The New Sustainable Plastic Replacement Hitting the Market

Michael Kingsbury and Dr Julia Reisser

Creating a carbon-negative plastic replacement from sustainably farmed seaweed has myriad benefits – and income streams.

What is it?

“We’ve developed a new material derived from the ocean that has the potential to replace plastic at scale,” says Michael Kingsbury, a former mergers and acquisitions lawyer. “We call it Uluu – it’s made of seaweed, is home-compostable and biodegradable and has very good oxygen and moisturebarrier properties so it can be used in ways other bioplastics can’t because they tend to be water soluble.”

Where did the idea come from?

“For the past decade or so, I’ve been obsessed about finding ways to solve plastic pollution, particularly when it comes to the problems it’s creating in our oceans,” says Dr Julia Reisser, a marine scientist who has worked for Andrew and Nicola Forrest’s Minderoo Foundation. “When I dug into it, I realised that recycling is important but it’s cleaning up the past. To solve the problem, we need to come up with a material that isn’t made of fossil fuels and doesn’t create pollution during its production, use or after we dispose of it.” She began researching using seaweed to make polyhydroxyalkanoates, aka PHAs, a natural polymer. “Seaweed mitigates a lot of problems in the oceans and using farmed seaweed creates sustainable jobs in coastal communities, which helps us tackle overfishing.”

How did you get it off the ground?

Reisser left her job and started looking for a co-founder. “I finally found Michael, who handles the finance, commercial and strategy side – a complementary skill set to mine.” In 2021, they raised $1.8 million of pre-seed funding, got a lab with the University of Western Australia’s support and set about the proof of concept. “We take seaweed and ferment it in saltwater, similar to brewing. Microbes digest the seaweed and turn it into PHAs. Some PHAs are long-chain polymers, some are short, some elastic, some rigid. What’s beautiful about PHAs is they can be as versatile as plastic.”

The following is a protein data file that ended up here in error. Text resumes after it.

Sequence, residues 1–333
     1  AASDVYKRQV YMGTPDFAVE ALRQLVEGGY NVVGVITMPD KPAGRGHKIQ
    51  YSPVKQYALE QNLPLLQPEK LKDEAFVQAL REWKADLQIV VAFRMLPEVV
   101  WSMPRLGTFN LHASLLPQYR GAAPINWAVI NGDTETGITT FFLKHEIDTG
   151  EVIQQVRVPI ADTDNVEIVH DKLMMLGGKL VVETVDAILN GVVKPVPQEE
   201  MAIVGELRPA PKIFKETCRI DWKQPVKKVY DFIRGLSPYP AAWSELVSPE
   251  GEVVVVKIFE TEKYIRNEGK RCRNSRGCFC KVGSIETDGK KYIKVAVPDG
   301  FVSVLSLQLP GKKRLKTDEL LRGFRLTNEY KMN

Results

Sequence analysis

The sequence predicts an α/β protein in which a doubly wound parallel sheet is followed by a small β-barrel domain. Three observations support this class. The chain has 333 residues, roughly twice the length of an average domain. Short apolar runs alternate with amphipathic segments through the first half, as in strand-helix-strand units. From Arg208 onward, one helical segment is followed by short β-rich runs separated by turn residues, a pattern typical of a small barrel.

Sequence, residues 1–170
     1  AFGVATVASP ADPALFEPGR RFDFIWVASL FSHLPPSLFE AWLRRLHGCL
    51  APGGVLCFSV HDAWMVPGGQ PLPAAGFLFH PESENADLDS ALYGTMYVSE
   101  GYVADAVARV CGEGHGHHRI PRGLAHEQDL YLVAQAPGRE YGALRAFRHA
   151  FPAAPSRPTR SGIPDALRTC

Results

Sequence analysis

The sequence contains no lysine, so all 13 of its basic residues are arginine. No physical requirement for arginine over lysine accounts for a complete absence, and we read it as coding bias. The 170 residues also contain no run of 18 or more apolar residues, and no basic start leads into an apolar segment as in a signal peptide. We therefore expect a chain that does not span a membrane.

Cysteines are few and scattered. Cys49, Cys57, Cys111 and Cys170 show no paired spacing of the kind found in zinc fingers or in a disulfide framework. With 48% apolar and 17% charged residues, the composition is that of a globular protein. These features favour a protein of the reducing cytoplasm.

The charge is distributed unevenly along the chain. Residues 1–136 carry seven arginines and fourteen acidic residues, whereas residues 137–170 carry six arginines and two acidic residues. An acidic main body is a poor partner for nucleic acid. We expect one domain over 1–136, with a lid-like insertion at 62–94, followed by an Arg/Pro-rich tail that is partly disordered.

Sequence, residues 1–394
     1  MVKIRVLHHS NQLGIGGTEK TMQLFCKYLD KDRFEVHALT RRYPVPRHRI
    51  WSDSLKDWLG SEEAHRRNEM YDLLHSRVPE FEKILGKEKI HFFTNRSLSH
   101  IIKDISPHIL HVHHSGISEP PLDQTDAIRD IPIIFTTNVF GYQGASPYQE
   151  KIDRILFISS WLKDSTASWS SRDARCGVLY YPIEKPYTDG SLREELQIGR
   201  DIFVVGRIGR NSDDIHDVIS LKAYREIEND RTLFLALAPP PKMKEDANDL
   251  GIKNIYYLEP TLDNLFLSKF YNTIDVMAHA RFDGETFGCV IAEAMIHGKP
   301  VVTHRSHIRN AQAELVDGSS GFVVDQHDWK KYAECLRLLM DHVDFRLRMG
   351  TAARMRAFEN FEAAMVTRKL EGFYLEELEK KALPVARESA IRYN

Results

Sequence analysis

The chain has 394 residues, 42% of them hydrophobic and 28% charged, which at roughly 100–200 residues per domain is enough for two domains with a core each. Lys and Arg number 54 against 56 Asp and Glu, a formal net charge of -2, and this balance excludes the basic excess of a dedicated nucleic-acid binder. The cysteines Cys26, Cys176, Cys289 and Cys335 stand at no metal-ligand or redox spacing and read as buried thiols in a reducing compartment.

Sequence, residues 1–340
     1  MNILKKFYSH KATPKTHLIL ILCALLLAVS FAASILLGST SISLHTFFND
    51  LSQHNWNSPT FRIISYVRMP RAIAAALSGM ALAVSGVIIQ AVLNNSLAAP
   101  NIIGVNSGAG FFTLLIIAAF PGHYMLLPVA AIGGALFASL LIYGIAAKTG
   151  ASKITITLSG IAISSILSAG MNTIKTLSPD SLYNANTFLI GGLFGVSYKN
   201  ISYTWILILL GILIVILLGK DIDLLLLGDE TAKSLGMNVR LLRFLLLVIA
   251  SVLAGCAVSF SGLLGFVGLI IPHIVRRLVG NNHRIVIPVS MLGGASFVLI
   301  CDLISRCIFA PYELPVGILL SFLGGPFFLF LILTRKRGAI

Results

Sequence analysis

What have you learnt?

In December last year, with the help of scientists at CSIRO Manufacturing, Uluu produced a set of transparent, flexible films and injection-moulded rigid discs. Reisser says it showed that the material can work with existing polymer-production equipment to ensure a cost-effective transition. It takes about 10 kilograms of seaweed to produce one kilogram of PHAs. The seaweed is milled and omega-rich oils can be extracted from it for an additional revenue stream. The leftover seaweed biomass is protein-rich and could become carbon-neutral fish feed, an environmental and economic win.

What’s next?

Uluu is building a pilot plant in WA and hiring more scientists. “We need lots of engineering and R&D as we scale up,” says Reisser. In June, it won the inaugural KPMG Nature Positive Challenge. “The prize was $100,000 but we’re even more excited about the pro-bono advisory support. They’ll help us research sourcing seaweed because both the economics of our business and the social and environmental returns are closely correlated to how we do that.” Initially, Indonesia, where many seaweed farmers are women, will be the main source. And they’re working with brands to supply “Made with Uluu” products by late 2023.

Need to know

Founders: Michael Kingsbury, 33, and Dr Julia Reisser, 38
First customer
: An undisclosed outdoors brand, with products made from Uluu expected to be on sale in 2023
: Main Sequence, Alberts, Possible Ventures, Startmate and more
: Perth
: 13
Market valuation
: Not disclosed

SEE ALSO: Bringing Medical Innovation Back To Australia with Neo-Bionica

aerial image of waves on shoreline

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